Lightroom

Mount Pinatubo 2015

I always spend my spring break in the Philippines but I rarely spend it outside Manila. This year, I decided that I really want to explore the many natural assets that Philippines has to offer. A few friends and I decided that Mt. Pinatubo would be a good introduction to the wonders of the Philippines. For this blogpost, I will share how I tried to capture it's beauty and some preventive measures to protect your equipment.

My kit for the trip included my D800 with its battery pack, Nikon 28-300mm f/3.5-5.6 VRII, and the 50mm f/1.4. For occasions like this, I tend to pack only the essentials to keep it as light as possible. I opted for the battery pack because I didn't want to worry about having to change the battery.  I was also able to use the new bag I received for Christmas from my relatives: the Thule Perspektiv Messenger Bag. I have had a lot of messenger bags in the past but I have to say that this one really makes carrying about 10 pounds of equipment a pleasure. 

Mt. Pinatubo was about a 3 hour drive from Manila. We left at around 3 in the morning and made it to the area at around 7 AM after picking people up and getting a little lost along the way. When we arrived to the location, they took us all on 4x4's for about an hour a half to where you start your trek.

The 4x4 was extremely bumpy so it was very difficult to take photographs while on it. It was very hard to look through the eye piece and the camera shake was very high. To accommodate for the shake, I opted for a high shutter speed and used Auto-ISO. I rarely use Auto-ISO because I don't usually use anything beyond 200 ISO but because of the constant lighting changes and the inability to constantly change the shutter speed, I found it necessary.

The view was overwhelmingly beautiful, especially when we finally arrived to the crater.

We spent half of our time commuting from Manila and back but it was worth it. I encourage everyone to make this trip at least once in their lives. It gives you a deep appreciation of nature and time.

Lastly, make sure to completely clean your camera after a trip like this because of all the dust that might have gotten in. 

The complete set of photographs from the trip:

I edited these photos mainly using Adobe Photoshop and Lightroom 4. I also used Portrait Professional Studio for retouching. If you have more questions on how I produced these images, feel free to comment here or post on my wall on facebook.

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Wide Awake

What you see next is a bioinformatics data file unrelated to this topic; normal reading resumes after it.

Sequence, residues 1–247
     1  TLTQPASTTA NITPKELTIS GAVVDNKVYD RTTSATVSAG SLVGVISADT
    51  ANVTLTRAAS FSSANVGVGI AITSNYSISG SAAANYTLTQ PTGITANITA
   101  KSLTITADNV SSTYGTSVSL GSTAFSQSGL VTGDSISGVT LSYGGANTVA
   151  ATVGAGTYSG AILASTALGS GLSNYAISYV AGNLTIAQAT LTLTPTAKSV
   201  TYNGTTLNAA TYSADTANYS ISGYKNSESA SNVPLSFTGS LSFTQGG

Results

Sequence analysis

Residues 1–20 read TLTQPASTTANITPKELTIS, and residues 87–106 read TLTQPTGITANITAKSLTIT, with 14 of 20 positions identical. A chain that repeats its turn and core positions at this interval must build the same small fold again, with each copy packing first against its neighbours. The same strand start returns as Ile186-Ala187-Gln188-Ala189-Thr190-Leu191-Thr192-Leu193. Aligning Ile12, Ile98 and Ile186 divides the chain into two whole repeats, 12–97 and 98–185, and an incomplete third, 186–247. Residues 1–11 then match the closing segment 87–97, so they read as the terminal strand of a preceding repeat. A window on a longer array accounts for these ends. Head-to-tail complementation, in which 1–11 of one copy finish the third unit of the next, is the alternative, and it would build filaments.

Photography for me was never about capturing moments but making them. I was instantly drawn to directorial photography because I can control every aspect of the photograph. Yet, I am equally attracted to things that I have no control over, like dreams. Dreams are a curious thing. They are ephemeral and seem to be without rules, where laws of physics don’t exist. However, I have noticed one constant: time. Dreams are still bound by time, which connects both realities. We have a finite amount of time no matter the reality. My series “Wide Awake”, explores the idea of dreams and its relation to time. 

For the image that won PPOTY Student of the Year 2013, I used compositing with different photographs I took over the years, which emphasizes the nature of dreams. Compositing is a technique in which you place different images into one image. For me, the most important mindset when making composites is realism. The image has to seem as if it was a moment captured by the camera. 

01 Collecting the Images

Most of the images used for the final image were photographed by me but not all with the intent of being used for this photograph. It is important to be organized and keep a stock of all the photographs you take at its highest quality so you have them when you need to make composites. 

Untitled-1.jpg

02 Masking the Figures

To isolate the figures, I used the masking tool and created a layer mask for every figure. I always zoom in and out to make sure that I define the masks as precisely as I could. To speed up the process, I use a pen tablet. 

03 Assembling the Elements

I usually start with the background and work forward, as it makes it easier for me to place elements easier. When placing elements together, make sure that the light source is coming from the same location and consistent. Make sure that the colors of the elements are also similar and you can manipulate those with the curves tool. When placing elements together, I also employ the same rules of composition as I do when I take a photograph. For this image, I placed the main subject on the center to give it emphasis and impact. 

04 Placing a Light Source

One of my secrets to make composite images realistic is by adding a light source in photoshop. This unites the elements making it more convincing that it is a captured moment. I use the gradient tool set on radial and then play with the opacity until it looks believable. 

05 Adding Reflection